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Ultrasound Med Biol. 2007 Jun;33(6):863-9. Epub 2007 Apr 16.

Discriminatory ability of calcaneal quantitative ultrasound in the assessment of bone status in patients with inflammatory bowel disease.

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1
Department of Gastroenterology, University Department of Medicine, Zagreb University Hospital Center, Zagreb, Croatia. niksa_turk@net.hr

Abstract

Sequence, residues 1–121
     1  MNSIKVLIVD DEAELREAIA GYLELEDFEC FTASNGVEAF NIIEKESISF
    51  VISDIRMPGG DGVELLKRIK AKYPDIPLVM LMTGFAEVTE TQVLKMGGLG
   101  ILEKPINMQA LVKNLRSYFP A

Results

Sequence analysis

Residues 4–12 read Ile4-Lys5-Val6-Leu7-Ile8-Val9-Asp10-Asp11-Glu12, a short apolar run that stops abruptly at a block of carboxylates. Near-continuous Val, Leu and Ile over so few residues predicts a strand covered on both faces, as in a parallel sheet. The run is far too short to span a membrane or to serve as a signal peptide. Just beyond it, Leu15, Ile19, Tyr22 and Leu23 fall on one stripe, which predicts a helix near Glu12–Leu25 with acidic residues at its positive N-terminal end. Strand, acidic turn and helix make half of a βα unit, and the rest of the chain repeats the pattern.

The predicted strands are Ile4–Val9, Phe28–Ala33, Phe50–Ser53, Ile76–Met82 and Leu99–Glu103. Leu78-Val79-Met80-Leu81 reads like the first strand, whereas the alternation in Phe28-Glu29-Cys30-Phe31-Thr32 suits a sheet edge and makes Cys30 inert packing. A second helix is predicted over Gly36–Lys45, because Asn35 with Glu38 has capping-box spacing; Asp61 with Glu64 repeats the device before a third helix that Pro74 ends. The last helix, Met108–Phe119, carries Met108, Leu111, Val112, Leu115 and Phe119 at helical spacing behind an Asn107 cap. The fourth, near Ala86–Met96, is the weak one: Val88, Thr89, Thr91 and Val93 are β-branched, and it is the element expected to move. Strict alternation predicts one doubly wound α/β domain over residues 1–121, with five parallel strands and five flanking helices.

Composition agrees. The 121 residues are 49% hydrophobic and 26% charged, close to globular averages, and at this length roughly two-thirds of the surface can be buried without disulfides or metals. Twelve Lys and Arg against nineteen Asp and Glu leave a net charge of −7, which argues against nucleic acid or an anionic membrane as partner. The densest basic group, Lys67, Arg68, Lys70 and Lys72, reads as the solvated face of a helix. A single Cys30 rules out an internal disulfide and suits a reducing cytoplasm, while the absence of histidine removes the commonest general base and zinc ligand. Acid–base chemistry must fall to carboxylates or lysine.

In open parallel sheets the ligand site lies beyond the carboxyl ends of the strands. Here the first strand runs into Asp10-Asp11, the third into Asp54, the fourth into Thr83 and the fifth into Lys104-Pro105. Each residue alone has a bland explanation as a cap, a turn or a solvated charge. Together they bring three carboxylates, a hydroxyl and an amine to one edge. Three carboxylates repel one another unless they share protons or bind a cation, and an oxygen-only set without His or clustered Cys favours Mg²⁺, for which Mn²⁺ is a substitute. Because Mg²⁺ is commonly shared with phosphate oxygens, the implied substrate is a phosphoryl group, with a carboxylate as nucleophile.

A high incidence of bone disease in patients with inflammatory bowel disease (IBD) requires frequent monitoring of skeletal status and, for that reason, evaluation of radiation-free technology is an issue of interest. Our objective was to appraise the parameters of calcaneal quantitative ultrasound (QUS): broadband ultrasound attenuation (BUA), speed of sound (SOS) and stiffness index (QUI), and establish their t-score values to investigate discriminatory ability of QUS in IBD patients with metabolic bone disease. The study included 126 patients (Crohn's disease [n = 94] and ulcerative colitis [n = 32]), and 228 age- and sex-matched healthy volunteers. Bone status was evaluated on the same day by calcaneal QUS and dual-energy x-ray absorptiometry (DXA) at spine (L1-L4) and total hip. All QUS measurements were lower in patients compared with healthy controls (BUA p < 0.001; SOS p < 0.001; QUI p < 0.001) and correlated significantly but inversely with disease duration (r = -0.3, p = 0.002). There was no difference with respect to type of disease (Crohn's disease or ulcerative colitis) or corticosteroid therapy. All three QUS t-scores were significantly lower in patients who had previously sustained fragile fractures (n = 28) than in those without fracture in their history (n = 98) (t-scores: BUA -2.0 vs. -1.3, p = 0.008; SOS -2.1 vs. -1.4, p = 0.02: QUI -2.3 vs. -1.5, p = 0.009). Axial DXA was not significantly different between the fracture and nonfracture patients (-1.7 vs. -1.2, p = 0.1), whereas total hip DXA showed a discriminatory power between the two (-1.6 vs. -0.7, p = 0.001). Patients with t-score < -1.0 scanned by DXA were classified as bone disease. The sensitivity of QUS to identify bone disease was 93% and specificity 63%. The sensitivity of QUS to detect osteopenia was 84% and 72% for osteoporosis. Alternatively, lower negative QUS t-score cutoff <or= -1.8 identified 83% of osteoporosis at lumbar spine and 100% at total hip. All three QUS variables had t-scores less than -1.8 when osteoporosis was detected at both spine and hip. However, the subgroup of IBD patients with QUI t-score cutoff <or= -1.8 still included 26% of individuals with normal bone status. Calcaneal QUS measurements may identify patients with IBD who are at a higher risk of fracture independently of DXA measurements. However, QUS showed poor agreement with bone status scanned by DXA and a low discriminatory power between osteopenia and osteoporosis.

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